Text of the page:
The Regional Homelessness Authority was created by agreement in December 2019. Pictured: King County Executive Dow Constantine shakes hands with Seattle Mayor Jenny Durkan. Courtesy photo

The Regional Homelessness Authority was created by agreement in December 2019. Pictured: King County Executive Dow Constantine shakes hands with Seattle Mayor Jenny Durkan. Courtesy photo

Regional homelessness authority takes first step amid COVID-19

The authority held its first meeting on Thursday.

The first meeting of a new homelessness authority designed to bridge service gaps between various agencies in King County was largely spent on formalities, but some latent tensions began to appear.

The Regional Homelessness Authority was created by agreement last December. It’s designed to consolidate homelessness services between the county, Seattle and cities in the region. On May 21, the guiding committee — which will help create the rest of the agency — met for the first time.

While much of the meeting was a formal meet-and-greet and schedule setting affair, there was a disagreement between members on who should be elected co-chair. King County Councilmember Joe McDermott nominated King County Executive Dow Constantine, Seattle mayor Jenny Durkan and Renton City Councilmember Ed Prince.

Three members of the committee have lived experience with homelessness, including Jonathan Hemphill, who stated at least one of the co-chairs should have first-hand knowledge of homelessness. He was supported by the other two members with lived experience, as well as Seattle City Councilmember Lorena Gonzalez.

“[It] would send a very strong signal that we are indeed serious about taking a different approach,” Gonzalez said.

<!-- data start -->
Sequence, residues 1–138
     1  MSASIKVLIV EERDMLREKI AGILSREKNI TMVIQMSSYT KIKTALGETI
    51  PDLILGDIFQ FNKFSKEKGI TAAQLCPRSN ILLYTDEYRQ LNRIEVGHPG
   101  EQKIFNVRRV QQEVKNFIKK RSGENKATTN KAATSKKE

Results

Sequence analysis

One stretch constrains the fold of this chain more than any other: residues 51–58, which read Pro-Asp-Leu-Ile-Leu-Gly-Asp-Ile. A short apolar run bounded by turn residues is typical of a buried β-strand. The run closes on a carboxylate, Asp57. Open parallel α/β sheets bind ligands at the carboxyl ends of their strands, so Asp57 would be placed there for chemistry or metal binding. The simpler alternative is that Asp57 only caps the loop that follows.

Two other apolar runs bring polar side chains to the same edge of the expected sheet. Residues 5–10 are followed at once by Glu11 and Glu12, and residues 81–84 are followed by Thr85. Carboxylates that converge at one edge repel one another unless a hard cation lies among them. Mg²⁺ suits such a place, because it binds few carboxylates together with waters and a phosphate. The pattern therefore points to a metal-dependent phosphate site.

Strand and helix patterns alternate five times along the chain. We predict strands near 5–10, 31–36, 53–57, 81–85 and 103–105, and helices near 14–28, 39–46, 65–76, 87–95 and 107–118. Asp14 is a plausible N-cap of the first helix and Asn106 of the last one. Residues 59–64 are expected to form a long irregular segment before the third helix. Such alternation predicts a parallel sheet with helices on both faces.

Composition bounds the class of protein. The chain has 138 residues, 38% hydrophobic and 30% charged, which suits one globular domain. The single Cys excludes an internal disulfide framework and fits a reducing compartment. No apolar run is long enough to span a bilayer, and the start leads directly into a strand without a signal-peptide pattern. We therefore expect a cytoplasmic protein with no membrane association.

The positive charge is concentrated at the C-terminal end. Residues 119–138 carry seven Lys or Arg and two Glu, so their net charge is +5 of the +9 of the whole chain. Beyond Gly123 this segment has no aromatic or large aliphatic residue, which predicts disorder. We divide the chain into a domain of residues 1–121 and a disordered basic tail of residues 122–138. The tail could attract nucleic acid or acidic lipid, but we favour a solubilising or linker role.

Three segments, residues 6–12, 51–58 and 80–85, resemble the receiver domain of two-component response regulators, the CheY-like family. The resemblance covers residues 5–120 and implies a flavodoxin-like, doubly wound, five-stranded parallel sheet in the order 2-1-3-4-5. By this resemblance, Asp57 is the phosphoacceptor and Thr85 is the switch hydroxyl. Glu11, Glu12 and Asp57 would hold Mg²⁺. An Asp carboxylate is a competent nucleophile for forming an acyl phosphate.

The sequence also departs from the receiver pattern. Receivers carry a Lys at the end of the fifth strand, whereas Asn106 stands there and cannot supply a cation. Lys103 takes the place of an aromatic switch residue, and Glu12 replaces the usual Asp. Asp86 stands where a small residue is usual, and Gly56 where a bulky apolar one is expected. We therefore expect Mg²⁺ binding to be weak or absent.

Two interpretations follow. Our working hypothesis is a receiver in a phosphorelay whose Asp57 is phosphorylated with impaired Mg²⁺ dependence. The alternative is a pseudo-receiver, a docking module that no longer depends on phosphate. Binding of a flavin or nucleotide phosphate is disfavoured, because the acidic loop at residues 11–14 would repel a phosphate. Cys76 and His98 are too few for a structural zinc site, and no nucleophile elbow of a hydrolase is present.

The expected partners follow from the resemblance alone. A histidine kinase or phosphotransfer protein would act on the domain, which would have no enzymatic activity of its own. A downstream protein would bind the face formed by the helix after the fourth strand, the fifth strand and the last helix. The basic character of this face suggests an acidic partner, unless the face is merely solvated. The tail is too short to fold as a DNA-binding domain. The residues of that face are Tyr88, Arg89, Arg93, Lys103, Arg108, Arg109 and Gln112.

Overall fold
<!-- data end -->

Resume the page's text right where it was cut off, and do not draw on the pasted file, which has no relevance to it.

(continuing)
During debates on whether Seattle should approve the agency agreement in December, Gonzalez was worried about politics taking hold in the process. At Thursday’s meeting, she expressed concerns about all the chairs being elected officials.

The 12-person guiding committee seats are split evenly between representatives from Seattle, the county, other cities in the region and those with lived experience.

The selection of co-chairs was tabled until the June meeting. Auburn Mayor Nancy Backus said if all of the other three groups had chairs, then those representing Sound Cities Association cities should also have a chair position.

The committee will be holding meetings every third Thursday of the month. They will be working to create an implementation board to help establish the agency. The two groups will then search for and select a CEO by October.

Once it’s stablished, the regional homelessness authority will consolidate emergency response resources, budgets, planning and staff into a single entity. It is an intergovernmental agency instead of a public authority.

During the agreement’s drafting, suburban cities said they didn’t have enough representation. Homelessness aid organizations said the same of those with lived experience.

However, fragmentation in the response to homelessness between different government agencies has created a barrier to addressing the problem effectively. If the agency is successful, it will be able to let the various groups hash out their differences and find solutions to the persistent problem of people ending up on the streets.